The Millennium Development Goals were to be met by 2015. What’s to do once 2015 has been and gone and the goals for universal primary education and equal enrolments among girls and boys have not been met?  Well, it looks like the message is, “let’s start all over again and set another framework”. Really?

The post-millennium development goal agenda is now on the table. Last week a meeting was held in London with the great and the good to discuss a new framework to tackle poverty eradication…. again. But haven’t we been down this road before? What lessons have been learnt?

Well, for one, we need to be asking the poor what they want and what works for them?  During a visit to the slum of Kiberain Nairobi, Kenya, walking around a government school, I asked what the head mistress thought about the introduction of Free Primary Education (FPE), a good thing according to the Kenyan government, UNESCO, Bill Clinton and the World Bank amongst others? The answer came back “No one ever asked us, no one ever does”.

It turned out she didn’t want children from the slum in her government school. “They have their own schools” she said, “Everyone knows those in the slum send their children to their own schools. It only implies a transferral from one type of school to another”. The affordable school owners didn’t want it either, and parents were sending their children to low cost private schools in Kibera anyway. So why make the change? Because governments and aid agencies around the world thought it was a good idea,… without asking the poor.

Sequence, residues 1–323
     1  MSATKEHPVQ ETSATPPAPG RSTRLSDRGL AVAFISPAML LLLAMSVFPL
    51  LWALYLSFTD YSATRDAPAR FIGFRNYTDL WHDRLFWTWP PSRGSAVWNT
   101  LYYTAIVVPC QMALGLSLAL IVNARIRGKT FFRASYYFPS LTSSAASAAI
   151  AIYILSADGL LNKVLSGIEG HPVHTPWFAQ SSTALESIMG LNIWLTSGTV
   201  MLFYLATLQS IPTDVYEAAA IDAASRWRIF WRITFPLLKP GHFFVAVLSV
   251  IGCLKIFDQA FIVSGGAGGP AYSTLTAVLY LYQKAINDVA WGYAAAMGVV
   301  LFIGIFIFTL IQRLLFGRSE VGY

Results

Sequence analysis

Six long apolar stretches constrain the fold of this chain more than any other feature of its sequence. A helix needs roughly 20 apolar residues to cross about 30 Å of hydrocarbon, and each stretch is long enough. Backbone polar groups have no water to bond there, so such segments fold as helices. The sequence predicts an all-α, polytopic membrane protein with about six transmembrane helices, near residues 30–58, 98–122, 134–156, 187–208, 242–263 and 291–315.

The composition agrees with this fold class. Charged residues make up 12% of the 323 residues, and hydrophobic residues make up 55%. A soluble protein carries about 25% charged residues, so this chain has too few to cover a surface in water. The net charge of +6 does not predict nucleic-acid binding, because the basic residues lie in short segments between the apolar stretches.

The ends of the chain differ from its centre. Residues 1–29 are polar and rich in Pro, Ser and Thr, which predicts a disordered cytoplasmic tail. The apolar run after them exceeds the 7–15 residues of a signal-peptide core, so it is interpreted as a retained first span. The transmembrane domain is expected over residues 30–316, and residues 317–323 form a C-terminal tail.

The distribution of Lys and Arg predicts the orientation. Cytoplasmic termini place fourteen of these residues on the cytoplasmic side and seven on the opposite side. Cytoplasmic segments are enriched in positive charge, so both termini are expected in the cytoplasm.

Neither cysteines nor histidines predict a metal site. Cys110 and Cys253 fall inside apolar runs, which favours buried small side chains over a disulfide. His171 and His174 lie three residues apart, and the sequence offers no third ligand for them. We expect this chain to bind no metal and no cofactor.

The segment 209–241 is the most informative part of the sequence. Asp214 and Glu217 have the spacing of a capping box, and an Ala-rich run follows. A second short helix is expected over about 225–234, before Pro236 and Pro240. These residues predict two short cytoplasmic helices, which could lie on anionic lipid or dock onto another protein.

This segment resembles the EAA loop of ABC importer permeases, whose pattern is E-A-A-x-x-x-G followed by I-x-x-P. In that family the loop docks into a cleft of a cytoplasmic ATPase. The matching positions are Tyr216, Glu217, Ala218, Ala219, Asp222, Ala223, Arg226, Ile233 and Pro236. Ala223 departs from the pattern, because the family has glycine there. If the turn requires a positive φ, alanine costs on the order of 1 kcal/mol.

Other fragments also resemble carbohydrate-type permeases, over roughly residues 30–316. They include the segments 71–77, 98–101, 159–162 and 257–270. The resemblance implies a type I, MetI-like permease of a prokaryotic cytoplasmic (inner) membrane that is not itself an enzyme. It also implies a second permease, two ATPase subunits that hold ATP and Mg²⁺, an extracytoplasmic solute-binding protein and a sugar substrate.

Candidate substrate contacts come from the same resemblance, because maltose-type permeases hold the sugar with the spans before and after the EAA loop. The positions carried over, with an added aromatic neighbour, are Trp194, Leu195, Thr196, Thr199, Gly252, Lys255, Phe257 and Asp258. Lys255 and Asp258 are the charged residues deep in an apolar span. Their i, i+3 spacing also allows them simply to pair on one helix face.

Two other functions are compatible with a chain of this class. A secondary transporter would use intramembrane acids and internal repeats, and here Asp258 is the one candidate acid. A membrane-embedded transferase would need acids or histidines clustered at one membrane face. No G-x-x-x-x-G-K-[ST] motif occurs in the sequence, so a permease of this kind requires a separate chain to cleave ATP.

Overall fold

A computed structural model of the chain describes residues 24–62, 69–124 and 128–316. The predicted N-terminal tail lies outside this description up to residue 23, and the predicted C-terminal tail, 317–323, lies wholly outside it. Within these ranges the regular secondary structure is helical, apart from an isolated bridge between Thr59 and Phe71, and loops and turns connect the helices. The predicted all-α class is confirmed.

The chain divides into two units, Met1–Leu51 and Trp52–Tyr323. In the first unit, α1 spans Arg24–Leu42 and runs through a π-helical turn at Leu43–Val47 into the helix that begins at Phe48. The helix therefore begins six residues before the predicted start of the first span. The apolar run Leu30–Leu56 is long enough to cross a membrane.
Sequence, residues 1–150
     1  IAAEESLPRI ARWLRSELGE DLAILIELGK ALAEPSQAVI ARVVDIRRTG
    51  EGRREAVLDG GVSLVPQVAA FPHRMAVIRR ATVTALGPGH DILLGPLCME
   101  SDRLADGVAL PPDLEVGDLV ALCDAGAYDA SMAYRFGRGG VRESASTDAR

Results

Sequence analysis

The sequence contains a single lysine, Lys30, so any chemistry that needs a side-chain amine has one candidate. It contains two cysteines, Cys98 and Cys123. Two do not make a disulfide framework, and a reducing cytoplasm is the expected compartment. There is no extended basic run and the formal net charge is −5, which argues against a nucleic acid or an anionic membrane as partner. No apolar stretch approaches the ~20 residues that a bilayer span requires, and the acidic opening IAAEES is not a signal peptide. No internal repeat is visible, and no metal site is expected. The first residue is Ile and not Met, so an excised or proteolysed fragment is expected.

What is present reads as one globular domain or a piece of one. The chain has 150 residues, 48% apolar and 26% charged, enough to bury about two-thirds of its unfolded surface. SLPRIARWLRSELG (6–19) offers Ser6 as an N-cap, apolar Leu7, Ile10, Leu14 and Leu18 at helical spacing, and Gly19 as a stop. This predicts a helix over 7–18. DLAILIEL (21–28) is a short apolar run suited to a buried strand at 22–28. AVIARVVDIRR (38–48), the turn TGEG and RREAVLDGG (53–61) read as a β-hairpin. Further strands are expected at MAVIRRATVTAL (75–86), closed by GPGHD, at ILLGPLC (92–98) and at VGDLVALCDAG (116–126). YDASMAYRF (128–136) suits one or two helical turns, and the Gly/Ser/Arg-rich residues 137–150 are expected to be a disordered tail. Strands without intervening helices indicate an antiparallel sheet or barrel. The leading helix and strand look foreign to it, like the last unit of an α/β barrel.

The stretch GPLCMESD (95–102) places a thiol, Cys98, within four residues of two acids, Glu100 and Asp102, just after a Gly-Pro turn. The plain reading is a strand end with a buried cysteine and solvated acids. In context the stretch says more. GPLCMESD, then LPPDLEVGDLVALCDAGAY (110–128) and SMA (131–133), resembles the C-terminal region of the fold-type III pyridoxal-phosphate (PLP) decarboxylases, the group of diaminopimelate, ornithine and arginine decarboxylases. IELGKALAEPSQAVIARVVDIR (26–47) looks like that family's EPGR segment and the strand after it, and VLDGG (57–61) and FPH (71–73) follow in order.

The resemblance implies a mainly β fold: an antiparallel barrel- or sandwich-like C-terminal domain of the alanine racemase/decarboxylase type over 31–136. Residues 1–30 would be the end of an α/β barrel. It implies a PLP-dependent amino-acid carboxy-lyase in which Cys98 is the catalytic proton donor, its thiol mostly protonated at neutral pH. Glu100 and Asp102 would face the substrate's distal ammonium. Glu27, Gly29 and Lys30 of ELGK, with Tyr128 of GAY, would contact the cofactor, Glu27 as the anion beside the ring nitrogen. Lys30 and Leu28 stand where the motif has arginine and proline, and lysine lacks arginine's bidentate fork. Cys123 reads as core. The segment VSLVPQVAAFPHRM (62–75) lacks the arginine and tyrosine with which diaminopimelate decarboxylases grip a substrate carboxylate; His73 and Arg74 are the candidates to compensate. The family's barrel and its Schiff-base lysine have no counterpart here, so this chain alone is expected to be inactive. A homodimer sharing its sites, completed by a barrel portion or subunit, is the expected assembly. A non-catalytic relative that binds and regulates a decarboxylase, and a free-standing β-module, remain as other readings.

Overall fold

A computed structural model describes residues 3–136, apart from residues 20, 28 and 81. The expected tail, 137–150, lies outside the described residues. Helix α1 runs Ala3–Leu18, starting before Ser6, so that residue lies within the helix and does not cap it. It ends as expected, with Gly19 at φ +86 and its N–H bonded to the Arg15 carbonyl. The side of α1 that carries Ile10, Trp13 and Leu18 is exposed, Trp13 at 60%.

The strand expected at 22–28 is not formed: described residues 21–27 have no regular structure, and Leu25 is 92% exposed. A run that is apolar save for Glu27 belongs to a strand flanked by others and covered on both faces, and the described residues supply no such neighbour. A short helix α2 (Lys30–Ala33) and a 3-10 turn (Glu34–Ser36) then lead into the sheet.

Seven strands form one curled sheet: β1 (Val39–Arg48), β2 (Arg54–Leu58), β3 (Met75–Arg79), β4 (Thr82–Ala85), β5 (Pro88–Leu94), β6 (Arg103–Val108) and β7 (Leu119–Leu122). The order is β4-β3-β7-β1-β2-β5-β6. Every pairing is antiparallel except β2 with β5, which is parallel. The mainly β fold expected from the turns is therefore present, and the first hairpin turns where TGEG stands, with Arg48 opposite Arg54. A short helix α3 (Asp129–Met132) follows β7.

Times need to change.

When the goals were originally set low cost private schools just didn’t figure in the discussions with regards to achieving education for all, a rather meaningless attainment anyway, attending school is very different from learning something in school, what’s needed is ‘quality education for all’, and that means whatever management type the parent chooses.

Times have changed. And rightly so. The work that I’ve been doing at Newcastle University and the E.G. West Centre shows that the majority of poor children living in urban slums, shanty towns and low income areas in developing countries around the world are attending low cost private schools. It has taken parent power, wanting what’s best for their child, to make the world sit up and notice that what really counts is what’s best for the children. And parents know best. Illiterate parents in slum areas know what they want for their children. Many believe that by paying for affordable learning (£3-£4 per month) they get a better quality provision which is accountable to them. Research agrees with the parents.

So if a message needs to go out to aid agencies, politicians and decision makers it is listen to what parents want, allow choice to flourish, look at the evidence, and focus on what’s best for the children.

This blog by Pauline Dixon was originally published on Pearson’s Affordable Learning website on November 8th 2012